Released on October 6, 2009 (KISS / Roadrunner)
Review by Greg Troyan in October 2009:
It’s 10:30 PM. It’s been a long day at work but the day is now done. Times are tough in this economy. Sure, I have no debt, but I have no money either. I can barely afford to put gas in my tank. I realize that Wal-Mart is across the street, and I know I won’t have to work for a couple days because I’ve got my classes and my internship, and it wouldn’t be worth the gas money to go back home and go back to Wal-Mart. So I go in the store.
I go to the entertainment section in the back of the store and ask if I can buy the new KISS album (which features a bonus disc of re-recorded songs and a bonus DVD) at midnight. I’m told I’ll be able to buy it at 12:20, because that’s when the registers switch over, but they can take a copy up front and leave a note to sell it to “the blonde in the work uniform.” I wander around the store, go outside to do homework, talk with a friend on my cell and then talk to a woman who works at the store who happened to be named “Beth”. I fill up the time between 10:30 and 12:20 the best I can. And then, when the time arrives, I purchase my copy of Sonic Boom. My first new KISS album. The lineup of Paul Stanley, Gene Simmons, Tommy Thayer and Eric Singer was the first concert I had ever seen, on their 2004 Rock The Nation tour (I was 14), and it’s the concert that got me into music. And here it was. The new KISS album, 11 years in the making. I go to the car and open it on the way. I check out the discs and notice that the bonus DVD is scratched up like the opposite side of the Guns N’ Roses Greatest Hits CD. I go back into the store and exchange it for a new copy.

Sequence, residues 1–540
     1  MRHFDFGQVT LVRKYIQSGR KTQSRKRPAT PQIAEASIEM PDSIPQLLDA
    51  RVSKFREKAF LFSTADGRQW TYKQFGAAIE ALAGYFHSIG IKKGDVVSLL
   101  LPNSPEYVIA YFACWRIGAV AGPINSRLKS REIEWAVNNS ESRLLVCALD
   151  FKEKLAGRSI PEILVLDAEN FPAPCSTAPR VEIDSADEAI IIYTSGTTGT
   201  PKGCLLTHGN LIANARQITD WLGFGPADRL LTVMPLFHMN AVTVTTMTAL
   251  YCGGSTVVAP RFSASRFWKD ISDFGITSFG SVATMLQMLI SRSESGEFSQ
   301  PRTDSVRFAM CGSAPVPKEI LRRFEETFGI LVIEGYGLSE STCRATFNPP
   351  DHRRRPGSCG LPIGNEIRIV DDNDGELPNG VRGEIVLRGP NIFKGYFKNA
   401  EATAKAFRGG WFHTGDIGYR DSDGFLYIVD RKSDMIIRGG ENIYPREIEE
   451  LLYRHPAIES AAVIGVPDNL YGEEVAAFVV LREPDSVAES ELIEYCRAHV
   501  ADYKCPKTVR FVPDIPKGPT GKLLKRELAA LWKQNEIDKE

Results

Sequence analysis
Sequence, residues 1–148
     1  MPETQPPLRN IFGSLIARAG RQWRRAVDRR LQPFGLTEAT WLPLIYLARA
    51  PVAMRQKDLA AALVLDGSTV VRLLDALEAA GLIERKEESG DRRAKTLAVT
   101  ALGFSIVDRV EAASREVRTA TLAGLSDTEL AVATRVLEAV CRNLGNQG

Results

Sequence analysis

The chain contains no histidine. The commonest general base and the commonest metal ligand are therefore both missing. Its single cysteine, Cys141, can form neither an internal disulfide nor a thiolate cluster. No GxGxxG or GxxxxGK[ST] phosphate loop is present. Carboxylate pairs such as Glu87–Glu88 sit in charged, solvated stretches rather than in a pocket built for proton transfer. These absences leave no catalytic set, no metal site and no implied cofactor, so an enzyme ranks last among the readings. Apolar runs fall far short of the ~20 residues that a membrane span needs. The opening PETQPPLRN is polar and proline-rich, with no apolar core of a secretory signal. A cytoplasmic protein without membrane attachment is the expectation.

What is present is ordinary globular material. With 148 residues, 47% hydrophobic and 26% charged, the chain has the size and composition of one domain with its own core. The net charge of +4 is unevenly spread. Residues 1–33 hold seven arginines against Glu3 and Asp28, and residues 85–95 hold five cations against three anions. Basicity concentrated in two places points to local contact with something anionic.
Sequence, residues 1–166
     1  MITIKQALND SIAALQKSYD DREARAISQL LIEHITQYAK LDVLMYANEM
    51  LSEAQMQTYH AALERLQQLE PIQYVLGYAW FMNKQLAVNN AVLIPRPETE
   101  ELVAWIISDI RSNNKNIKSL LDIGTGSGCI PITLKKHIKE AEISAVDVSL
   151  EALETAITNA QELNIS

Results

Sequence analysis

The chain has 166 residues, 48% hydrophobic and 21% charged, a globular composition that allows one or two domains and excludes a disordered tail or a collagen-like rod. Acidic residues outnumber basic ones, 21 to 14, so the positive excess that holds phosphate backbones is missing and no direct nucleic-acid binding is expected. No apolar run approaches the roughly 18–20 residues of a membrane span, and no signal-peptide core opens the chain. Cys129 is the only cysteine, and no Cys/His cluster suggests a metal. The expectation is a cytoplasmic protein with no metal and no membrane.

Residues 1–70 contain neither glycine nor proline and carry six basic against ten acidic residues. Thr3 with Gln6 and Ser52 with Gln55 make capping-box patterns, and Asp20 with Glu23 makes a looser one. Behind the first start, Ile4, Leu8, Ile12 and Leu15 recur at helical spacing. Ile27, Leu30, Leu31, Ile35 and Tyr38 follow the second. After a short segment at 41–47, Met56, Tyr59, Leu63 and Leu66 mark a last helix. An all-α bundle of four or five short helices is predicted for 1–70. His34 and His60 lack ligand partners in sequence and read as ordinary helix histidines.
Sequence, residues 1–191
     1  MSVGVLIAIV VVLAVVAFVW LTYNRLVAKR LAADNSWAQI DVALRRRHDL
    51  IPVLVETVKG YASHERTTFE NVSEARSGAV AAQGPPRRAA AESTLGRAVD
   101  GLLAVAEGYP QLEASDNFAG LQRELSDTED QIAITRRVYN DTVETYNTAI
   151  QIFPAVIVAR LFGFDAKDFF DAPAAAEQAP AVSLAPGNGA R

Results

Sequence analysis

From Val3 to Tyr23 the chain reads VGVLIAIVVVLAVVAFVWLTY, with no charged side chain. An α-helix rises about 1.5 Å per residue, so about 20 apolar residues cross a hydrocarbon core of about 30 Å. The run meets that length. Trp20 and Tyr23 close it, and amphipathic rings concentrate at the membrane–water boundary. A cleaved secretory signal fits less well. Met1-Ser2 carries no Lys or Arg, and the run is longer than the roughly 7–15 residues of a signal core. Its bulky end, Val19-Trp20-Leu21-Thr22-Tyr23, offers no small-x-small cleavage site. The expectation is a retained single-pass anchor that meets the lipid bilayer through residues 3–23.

I knew what to expect. I had heard “Modern Day Delilah” a while ago and put it on a couple mix CDs, and I had heard the whole album on YouTube a couple days before buying the CD. And I had someone send me the Jigoku-Retsuden tracks, so I knew what I was buying before I bought it. But, let me tell you something, YouTube does not do the production of the album justice. It has phenomenal production. Recording in analog wasn’t a gimmick, it is truly one of the best produced albums of the new millennium.
KISS has returned with one of the band’s most solid releases ever. A mish-mash of all eras of KISS, it’s an album full of rockers, and there’s not a single ballad or outside songwriter to be found. The album starts off with “Modern Day Delilah”, the first single, which is a great album opener with a riff reminiscent of 70s KISS. There’s a very cool break-down in the song where Paul does a metal scream behind only the drum part before kicking back in to the rest of the song. “Modern Day Delilah” lets you know that KISS is back and that they are ready to rock, but I don’t necessarily think it’s the wisest idea to let the song stay as the single for long. It’s a very cool rocker, but not a very commercial or radio friendly song.